Aid pours in: Can govt. handle it alone?
Expatriate Sri Lankans concerned over where their donations will end up
As aid poured into Sri Lanka, the government was still grappling with problems of co-ordination, and ensuring that the right people received the right relief.

Thousands of overseas Sri Lankans rallied round the cause turning viharas, churches, kovils and mosques, as well as community halls and people's residences into collecting centres - but there was one hitch, the government missions were insisting that all relief will be sent only to the President's Fund Disaster Relief Centre.

Several Sri Lankans have expressed unhappiness over Sri Lankan missions being given this directive from Colombo saying that if they did not have confidence in the relief material, including medicines and funds reaching the end-beneficiaries intended in the exercise, they should be given the option of more private channels through which they could send relief.

Among those who have taken issue is SMIES, a well-known Baptist Church organisation which says it does not mind giving a portion of its collections to the President's Office, but it has its own local contacts in Sri Lanka who are victims, and would like to look after them.

The organisation has 40 tonnes of clothing earlier ear-marked for East Europe now awaiting transportation to Sri Lanka, but caught up with these directives from Colombo.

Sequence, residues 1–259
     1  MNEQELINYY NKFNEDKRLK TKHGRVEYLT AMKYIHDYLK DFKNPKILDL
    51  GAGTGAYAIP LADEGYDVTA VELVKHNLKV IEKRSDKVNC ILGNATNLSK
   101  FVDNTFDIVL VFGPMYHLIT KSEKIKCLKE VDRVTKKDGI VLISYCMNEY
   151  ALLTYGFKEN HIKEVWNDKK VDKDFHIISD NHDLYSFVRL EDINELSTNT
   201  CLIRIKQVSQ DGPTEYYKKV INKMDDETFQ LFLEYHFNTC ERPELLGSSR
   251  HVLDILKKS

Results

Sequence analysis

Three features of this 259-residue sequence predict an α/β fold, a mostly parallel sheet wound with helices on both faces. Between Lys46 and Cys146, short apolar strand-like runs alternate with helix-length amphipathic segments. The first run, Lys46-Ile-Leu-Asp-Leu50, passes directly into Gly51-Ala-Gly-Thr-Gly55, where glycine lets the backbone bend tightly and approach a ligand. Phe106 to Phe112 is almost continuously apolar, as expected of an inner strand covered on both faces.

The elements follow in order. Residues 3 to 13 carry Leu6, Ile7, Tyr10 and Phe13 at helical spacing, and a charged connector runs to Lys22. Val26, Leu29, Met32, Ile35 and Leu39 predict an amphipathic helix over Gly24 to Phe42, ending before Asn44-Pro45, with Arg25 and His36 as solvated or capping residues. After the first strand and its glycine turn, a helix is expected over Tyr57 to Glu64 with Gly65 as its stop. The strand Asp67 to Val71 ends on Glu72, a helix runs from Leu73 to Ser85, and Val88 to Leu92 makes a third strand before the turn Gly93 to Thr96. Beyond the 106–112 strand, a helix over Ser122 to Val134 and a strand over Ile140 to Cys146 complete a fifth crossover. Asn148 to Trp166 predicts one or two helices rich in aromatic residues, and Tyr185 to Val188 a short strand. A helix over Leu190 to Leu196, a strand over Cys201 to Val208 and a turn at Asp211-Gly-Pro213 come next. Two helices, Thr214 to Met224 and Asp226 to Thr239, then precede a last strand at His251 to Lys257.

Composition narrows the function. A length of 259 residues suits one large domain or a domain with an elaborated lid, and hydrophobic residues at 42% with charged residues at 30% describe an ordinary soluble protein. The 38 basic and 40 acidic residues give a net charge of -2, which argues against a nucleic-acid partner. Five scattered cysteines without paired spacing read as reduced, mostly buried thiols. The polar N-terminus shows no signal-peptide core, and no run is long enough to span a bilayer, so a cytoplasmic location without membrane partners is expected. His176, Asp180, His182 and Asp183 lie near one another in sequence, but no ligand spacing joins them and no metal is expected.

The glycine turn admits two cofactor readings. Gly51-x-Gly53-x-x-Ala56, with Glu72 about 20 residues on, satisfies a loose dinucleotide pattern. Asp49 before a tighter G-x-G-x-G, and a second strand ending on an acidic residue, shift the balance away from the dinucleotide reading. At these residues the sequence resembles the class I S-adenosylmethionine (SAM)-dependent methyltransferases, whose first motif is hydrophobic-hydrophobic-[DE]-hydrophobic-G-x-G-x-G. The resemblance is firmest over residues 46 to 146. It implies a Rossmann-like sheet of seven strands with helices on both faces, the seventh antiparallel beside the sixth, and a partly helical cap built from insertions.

In Colombo, SriLankan Airlines spokesman Chandana de Silva said the national carrier was willing to transport relief cargo free-of-charge, but with large consignments piling up at Bangkok, Singapore, Dubai and London airports awaiting transportation to Colombo, it may have to reconsider its decision shortly.

However, in London Sri Lankans were complaining that the airline was only accepting cargo sent via the High Commission. Other airlines such as Ethihad and Qatar had also given selected agents the right to send cargo gratis.

Many freight forwarding associations were offering free space in their containers, but some were announcing they would limit the cargo to those 'that will be distributed by those appointed by the President'.

The question being asked was whether, considering the magnitude of the problem Sri Lanka was facing, the Colombo government alone could handle all the relief coming from abroad.

In the US, Sri Lanka's Ambassador Devinda Subasinghe was calling for contributions to private NGOs. This raised a protest from officials in the Foreign Ministry, but the envoy explained this was done because those who contribute to US-based NGOs can get tax exemptions, while they do not receive that benefit if they contribute direct to the Government of Sri Lanka.

In London, the British public has collected over 100 million pounds ( Rs. 20 billion ) through media appeals for victims of the tsunami in the South Asian region. Meanwhile the Katunayake airport was finding it difficult to cope with the incoming aid flights with the authorities failing to providing them additional landing space.

Some 70 aircraft were held up in other countries awaiting permission for landing, Airport and Aviation Authority sources said. But, aviation sources pointed out that if the adjoining Katunayake Air Force base had been able to provide landing facilities it would have expedited the unloading of aid.